In the Raw
New regulations will bring greater choice to the cheeseboards of Australians, writes Will Studd.
It’s no coincidence that the world’s most respected benchmark cheeses are made from raw milk. The reason is simple: flavour. They owe their unique authentic qualities to origin, or terroir: a combination of soil, climate, season, pasture, tradition, culture, and the skills and craft of the cheesemaker. Many of these cheeses have been prohibited in Australia, but in December last year Food Standards Australia New Zealand (FSANZ) approved changes to regulations to allow the local production and sale of raw-milk cheese.
The right to produce cheese from raw milk is a controversial issue for cheesemakers. On one side of the debate are industrial producers, who make cheese from pasteurised milk and claim that the use of raw milk is a potential health risk. On the other side, artisan cheesemakers question why they should abandon traditional, scientifically recognised control methods.
The changes to the code are long overdue and mark a critical moment for the future of local artisan cheesemaking in Australia. In most European countries, cheese can be made from raw milk under strict regulations that ensure a similar level of public safety to that provided by cheese made from pasteurised milk. However, the opportunity to produce or sell raw-milk cheese in Australia is a highly contentious subject.
When Australian national food standards sought to prohibit all raw-milk cheese in 1998, I was horrified by the implications and organised a group of friends working with specialist cheese to lobby for change. European producers were worried the proposal would establish an international trade precedent. In the subsequent barrage of diplomatic protest, a special exemption was granted for Gruyère, Emmenthal and Sbrinz. Anticipating further challenges from the Italians, FSANZ made modifications to allow the sale of “imported” hard cheeses, such as Parmigiano-Reggiano and Grana Padano, but our requests to review Australian regulations banning the local production of raw-milk cheese were rejected.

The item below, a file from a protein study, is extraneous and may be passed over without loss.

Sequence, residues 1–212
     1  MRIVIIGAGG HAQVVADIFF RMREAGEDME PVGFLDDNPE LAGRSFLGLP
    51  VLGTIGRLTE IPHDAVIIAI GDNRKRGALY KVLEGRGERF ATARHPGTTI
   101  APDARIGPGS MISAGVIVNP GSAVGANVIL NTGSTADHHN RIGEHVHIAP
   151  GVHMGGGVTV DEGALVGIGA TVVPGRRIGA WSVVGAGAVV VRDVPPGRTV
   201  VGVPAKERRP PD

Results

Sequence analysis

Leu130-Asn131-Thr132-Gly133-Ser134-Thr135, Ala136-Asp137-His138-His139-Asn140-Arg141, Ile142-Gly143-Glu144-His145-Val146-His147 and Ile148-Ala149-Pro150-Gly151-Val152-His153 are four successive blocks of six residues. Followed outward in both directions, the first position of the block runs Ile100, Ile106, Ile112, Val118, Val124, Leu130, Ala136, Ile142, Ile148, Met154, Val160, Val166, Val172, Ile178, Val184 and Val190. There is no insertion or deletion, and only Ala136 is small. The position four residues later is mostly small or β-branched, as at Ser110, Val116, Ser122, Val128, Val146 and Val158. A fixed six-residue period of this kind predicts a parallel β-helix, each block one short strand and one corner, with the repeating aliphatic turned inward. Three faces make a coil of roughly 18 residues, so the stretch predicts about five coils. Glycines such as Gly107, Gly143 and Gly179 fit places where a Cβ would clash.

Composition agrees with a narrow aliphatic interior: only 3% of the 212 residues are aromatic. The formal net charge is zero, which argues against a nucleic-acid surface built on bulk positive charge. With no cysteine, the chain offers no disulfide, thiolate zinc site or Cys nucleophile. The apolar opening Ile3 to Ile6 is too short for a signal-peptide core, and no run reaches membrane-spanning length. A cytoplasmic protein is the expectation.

Ironically, the major catalyst for change was the seizure of a shipment of Roquefort that I imported in 2002. Roquefort is the oldest and most popular raw-milk cheese in France and, at the time, was sold all over the world without restrictions – except in Australia and New Zealand where it was banned. It falls into a category of cheese that carries a greater food safety risk than hard-cooked grating cheese because of its high moisture content. When FSANZ refused to allow this benchmark to be tested for equivalent safety standards, it became a personal unofficial test case of the Australian ban on raw-milk cheese. After two years of legal discussion, a court of appeal ruled that Roquefort violated the Australian New Zealand Food Standards Code. The original order for its re-export or destruction by deep burial was upheld. So I arranged a faux funeral and the cheese was ceremoniously carried to the tip in the back of a hearse draped with the French flag and buried to the sounds of “Le Marseilles”.
photo: Jason South
I was branded a “food terrorist” by one Australian industry magazine and the French weren’t happy with the stunt either; Australia’s embarrassing prohibition had established a dangerous trade precedent that could be repeated in larger markets, such as the US. After an 18-month review, in 2005 FSANZ finally published a lengthy report repealing the ban against Roquefort.
It meant that another special exemption was made to the code, and it became clear that any policy banning raw-milk cheese in Australia was open to challenge. In 2004 I lodged an application with FSANZ to review the standards for the production and sale of raw-milk cheese. Since officially accepting the application, FSANZ announced only minor changes allowing the domestic production of hard-cooked curd cheese under strict production and ageing conditions. This outcome enabled visionary cheesemaker Nick Haddow to create Bruny Island C2, and the principles were subsequently adopted by Hindmarsh Valley Dairy (Emme), Udder Delights (King Saul blue) and Woodside Cheese Wrights (Greedy Goat).
The latest changes are far more significant and will mean many more new types of raw-milk cheese on the local market. The guidelines require stringent testing and control at every stage of the cheesemaking process, and an approved food safety plan to result in a cheese safe to eat. Ironically, these are all parameters FSANZ used to justify the sale of Roquefort a decade ago.
It has been a long wait, but the new standards will be a game-changer for cheese choice in Australia.